Europe risks failing in its mission to boost its growth prospects via the €750bn coronavirus recovery fund, Germany’s former finance minister has warned, as he questioned whether member states had the capacity to implement tough economic reforms.
“There is a lack of real progress, a lack of efficiency in the execution of [reform programmes] in the member states,” Wolfgang Schäuble told the Financial Times. “These difficulties worry me.”
Mr Schäuble, who is president of the Bundestag, said the EU had spent too much time arguing about the size of the fund and how the money should be distributed, and not enough “thinking about what to spend it on”.
“We should long ago have defined what areas the member states should be investing these funds in — artificial intelligence, digitisation, policies for tackling climate change,” he said. “I hope we can do this more quickly.”
His remarks chime with those of other European officials who worry that member states are dragging their feet over submitting detailed proposals for how they intend to spend the money from the fund.
While German finance minister, between 2009 and 2017, Mr Schäuble came to symbolise the fiscally hawkish policies pursued by the eurozone in the aftermath of the global financial and sovereign debt crises. He was famously in favour of suspending Greece from the single currency in 2015.
But since the pandemic broke out he has jettisoned his more conservative views on fiscal policy and embraced the extraordinary efforts taken by the EU to rescue the bloc from economic collapse.
The centrepiece of those efforts is the recovery fund, which will see the European Commission issue unprecedented levels of debt and distribute it in the form of €390bn in grants to member states. Mr Schäuble said it was the “right response” to the coronavirus crisis.
But the commission has tied the release of recovery fund cash to economic reforms designed to deliver lasting improvements to the growth prospects of recipient countries, and, in particular, to boost innovation, digitisation and facilitate the shift to a green economy.
EU countries have been asked to submit detailed reform plans to Brussels by April, setting out how they plan to use the fund’s loans and grants. The commission will then scrutinise the reforms with the aim of beginning disbursements from the second half of 2021.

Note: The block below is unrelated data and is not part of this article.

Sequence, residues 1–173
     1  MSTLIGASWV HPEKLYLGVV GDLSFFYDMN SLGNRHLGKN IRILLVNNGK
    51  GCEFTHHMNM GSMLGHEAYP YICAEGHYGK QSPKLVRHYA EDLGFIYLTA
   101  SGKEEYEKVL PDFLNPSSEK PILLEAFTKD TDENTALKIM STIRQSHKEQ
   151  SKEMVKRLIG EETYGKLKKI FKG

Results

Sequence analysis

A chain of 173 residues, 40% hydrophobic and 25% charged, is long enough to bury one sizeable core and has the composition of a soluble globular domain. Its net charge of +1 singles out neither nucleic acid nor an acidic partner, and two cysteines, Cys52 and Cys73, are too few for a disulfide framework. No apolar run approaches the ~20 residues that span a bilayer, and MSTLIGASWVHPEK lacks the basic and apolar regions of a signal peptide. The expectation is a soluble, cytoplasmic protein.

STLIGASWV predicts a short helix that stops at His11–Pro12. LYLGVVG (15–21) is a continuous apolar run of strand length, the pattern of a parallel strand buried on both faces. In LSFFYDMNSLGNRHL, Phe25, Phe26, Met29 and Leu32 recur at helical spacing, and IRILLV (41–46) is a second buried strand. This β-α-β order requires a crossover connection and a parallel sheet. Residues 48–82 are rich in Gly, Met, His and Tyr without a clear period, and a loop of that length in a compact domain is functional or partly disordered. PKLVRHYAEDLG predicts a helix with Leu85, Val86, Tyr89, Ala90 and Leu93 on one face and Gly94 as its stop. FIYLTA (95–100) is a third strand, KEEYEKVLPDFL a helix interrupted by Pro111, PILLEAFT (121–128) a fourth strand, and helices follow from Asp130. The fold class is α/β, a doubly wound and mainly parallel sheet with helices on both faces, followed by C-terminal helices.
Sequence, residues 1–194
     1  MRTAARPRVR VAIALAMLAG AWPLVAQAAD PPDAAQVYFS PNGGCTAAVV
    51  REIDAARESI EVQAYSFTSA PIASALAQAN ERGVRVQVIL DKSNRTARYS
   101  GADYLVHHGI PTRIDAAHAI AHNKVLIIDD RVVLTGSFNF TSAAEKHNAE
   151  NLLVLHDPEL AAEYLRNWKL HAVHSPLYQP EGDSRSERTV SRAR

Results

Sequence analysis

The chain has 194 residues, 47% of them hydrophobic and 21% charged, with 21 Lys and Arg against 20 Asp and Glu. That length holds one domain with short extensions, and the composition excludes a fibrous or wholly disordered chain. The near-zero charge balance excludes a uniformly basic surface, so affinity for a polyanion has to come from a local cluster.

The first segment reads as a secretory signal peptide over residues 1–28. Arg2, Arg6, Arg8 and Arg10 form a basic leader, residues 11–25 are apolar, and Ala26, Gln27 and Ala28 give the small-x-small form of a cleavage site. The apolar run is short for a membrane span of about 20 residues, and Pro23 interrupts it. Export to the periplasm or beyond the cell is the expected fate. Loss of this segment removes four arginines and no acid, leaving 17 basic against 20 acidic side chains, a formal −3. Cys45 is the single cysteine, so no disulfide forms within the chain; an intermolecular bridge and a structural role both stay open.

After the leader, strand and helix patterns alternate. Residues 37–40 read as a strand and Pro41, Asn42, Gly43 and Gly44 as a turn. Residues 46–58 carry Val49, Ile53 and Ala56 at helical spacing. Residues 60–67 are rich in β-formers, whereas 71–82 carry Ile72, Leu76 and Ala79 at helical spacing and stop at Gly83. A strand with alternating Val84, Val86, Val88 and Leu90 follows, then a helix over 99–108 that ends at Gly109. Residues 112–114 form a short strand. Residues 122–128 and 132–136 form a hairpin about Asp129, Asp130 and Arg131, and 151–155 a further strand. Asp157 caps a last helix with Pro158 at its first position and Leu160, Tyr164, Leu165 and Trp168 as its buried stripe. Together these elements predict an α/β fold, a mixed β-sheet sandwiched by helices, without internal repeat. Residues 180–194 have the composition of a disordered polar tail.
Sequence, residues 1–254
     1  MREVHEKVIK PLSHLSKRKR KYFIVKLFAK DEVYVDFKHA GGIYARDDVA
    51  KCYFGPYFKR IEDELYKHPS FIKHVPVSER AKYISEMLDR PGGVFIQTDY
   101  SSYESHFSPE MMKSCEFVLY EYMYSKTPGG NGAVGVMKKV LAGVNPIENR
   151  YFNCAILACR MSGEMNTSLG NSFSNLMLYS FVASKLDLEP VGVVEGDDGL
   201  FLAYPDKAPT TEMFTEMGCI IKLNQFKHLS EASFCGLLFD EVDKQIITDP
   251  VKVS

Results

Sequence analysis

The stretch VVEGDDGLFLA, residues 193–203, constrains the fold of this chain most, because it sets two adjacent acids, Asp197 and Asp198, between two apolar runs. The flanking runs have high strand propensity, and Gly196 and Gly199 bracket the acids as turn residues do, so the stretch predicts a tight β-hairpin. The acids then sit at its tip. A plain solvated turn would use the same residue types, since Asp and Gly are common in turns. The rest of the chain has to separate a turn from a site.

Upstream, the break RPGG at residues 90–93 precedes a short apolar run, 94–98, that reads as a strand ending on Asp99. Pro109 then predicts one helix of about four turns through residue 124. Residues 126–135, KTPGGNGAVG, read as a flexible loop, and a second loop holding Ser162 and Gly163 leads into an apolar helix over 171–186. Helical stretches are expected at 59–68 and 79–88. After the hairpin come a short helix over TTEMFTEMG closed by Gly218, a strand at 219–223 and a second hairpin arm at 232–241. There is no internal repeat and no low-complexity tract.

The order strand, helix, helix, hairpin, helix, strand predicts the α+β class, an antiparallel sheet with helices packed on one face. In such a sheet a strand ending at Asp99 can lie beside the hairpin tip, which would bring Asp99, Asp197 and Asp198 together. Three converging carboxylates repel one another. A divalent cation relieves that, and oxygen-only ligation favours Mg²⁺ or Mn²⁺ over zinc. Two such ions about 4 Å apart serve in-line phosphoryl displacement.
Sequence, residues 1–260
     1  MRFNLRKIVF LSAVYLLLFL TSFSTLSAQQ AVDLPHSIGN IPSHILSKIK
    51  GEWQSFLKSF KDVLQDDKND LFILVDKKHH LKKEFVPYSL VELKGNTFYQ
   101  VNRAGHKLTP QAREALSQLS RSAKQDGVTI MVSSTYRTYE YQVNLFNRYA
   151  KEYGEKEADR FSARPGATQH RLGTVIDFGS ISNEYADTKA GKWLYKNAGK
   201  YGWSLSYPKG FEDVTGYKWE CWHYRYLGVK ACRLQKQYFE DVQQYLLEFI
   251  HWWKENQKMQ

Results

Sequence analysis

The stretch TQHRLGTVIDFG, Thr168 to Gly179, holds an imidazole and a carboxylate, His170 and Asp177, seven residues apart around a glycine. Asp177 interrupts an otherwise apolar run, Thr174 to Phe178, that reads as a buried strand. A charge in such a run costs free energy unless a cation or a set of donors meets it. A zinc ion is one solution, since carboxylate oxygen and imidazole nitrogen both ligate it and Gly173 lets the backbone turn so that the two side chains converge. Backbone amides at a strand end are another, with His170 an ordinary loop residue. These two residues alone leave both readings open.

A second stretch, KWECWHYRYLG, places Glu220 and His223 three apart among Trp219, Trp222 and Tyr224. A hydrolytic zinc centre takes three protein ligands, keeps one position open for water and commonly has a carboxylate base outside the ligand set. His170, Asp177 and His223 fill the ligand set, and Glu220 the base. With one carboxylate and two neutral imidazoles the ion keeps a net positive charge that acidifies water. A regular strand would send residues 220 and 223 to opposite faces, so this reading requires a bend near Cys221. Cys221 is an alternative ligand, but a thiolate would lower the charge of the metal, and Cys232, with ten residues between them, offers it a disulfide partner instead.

Valdis Dombrovskis, commission vice-president, said last week that disbursements would be subject to the achievement of “specific and measurable milestones” and that there remained “a lot of work ahead”. Some member states, he said, needed to be more precise in setting out exactly what events would trigger payments.
Mr Schäuble said he was concerned about how money from the recovery fund would be spent, adding that the commission had only “limited competence” to check how member states invested their allocation. “But when you ask what’s actually happening with the money, it can even lead to government crises, as we’re seeing in Italy.”
Earlier this month Matteo Renzi’s Italia Viva party withdrew from the Italian coalition government of Giuseppe Conte after complaining that it was bungling plans to spend the almost €200bn that Italy is due to receive from the recovery fund.
Mr Schäuble said he was worried the programmes presented by individual countries would not be ambitious enough. “We know very well what urgent steps each country must take to make Europe’s economy stronger, more innovative, dynamic and better able to compete globally,” he said.
But it is not just southern European countries that have been criticised for the reform plans they’ve submitted to Brussels. According to officials in Berlin, the commission is also dissatisfied with Germany’s own initial proposals, and, in particular, the lack of enthusiasm it has shown for reforming its pension system.
Mr Schäuble also addressed the EU’s decision to make it easier for member states to deal with the economic effects of the pandemic by setting aside the bloc’s budget rules until the end of 2021. The commission used a so-called escape clause to suspend the enforcement of the Stability and Growth Pact, which caps debt levels at 60 per cent of gross domestic product.
In the past, Mr Schäuble has always opposed attempts to soften the rules of the SGP but is now more open to the idea. He said he sympathised with those who say the pact should be reformed before it is reintroduced. “After the pandemic a lot of things will be completely different to the way they were before,” he said. “Whether they’ll be better depends on us.”
The recovery fund has proved controversial in parts of Mr Schäuble’s Christian Democratic Union: many hawks in the party only agreed to it on the premise that the commission’s issuance of debt is a one-off that will never be repeated. Olaf Scholz, Germany’s Social Democrat finance minister, has, in contrast, hailed it as a “Hamiltonian moment”, invoking the first US Treasury secretary who helped to create American fiscal union by taking on the debts of the states in 1790.
Mr Schäuble said such an analogy was inappropriate. “I just hope no one really knows what the Hamilton effect was,” he said. Such rhetoric “just strengthens the resistance of those who fear their national identity will be lost in European integration — which no one really wants anyway”.
Mr Schäuble said those pursuing closer co-operation in the EU and the eurozone needed to tread carefully. “For what you want to achieve in Europe you need to organise majorities,” he said. “You can’t build Europe against the will of the people.”
But he indicated that he himself did not see the recovery fund as a one-off. He said he had never completely excluded the idea of common EU bonds, “because I know very well that an economic and currency union needs to have them”.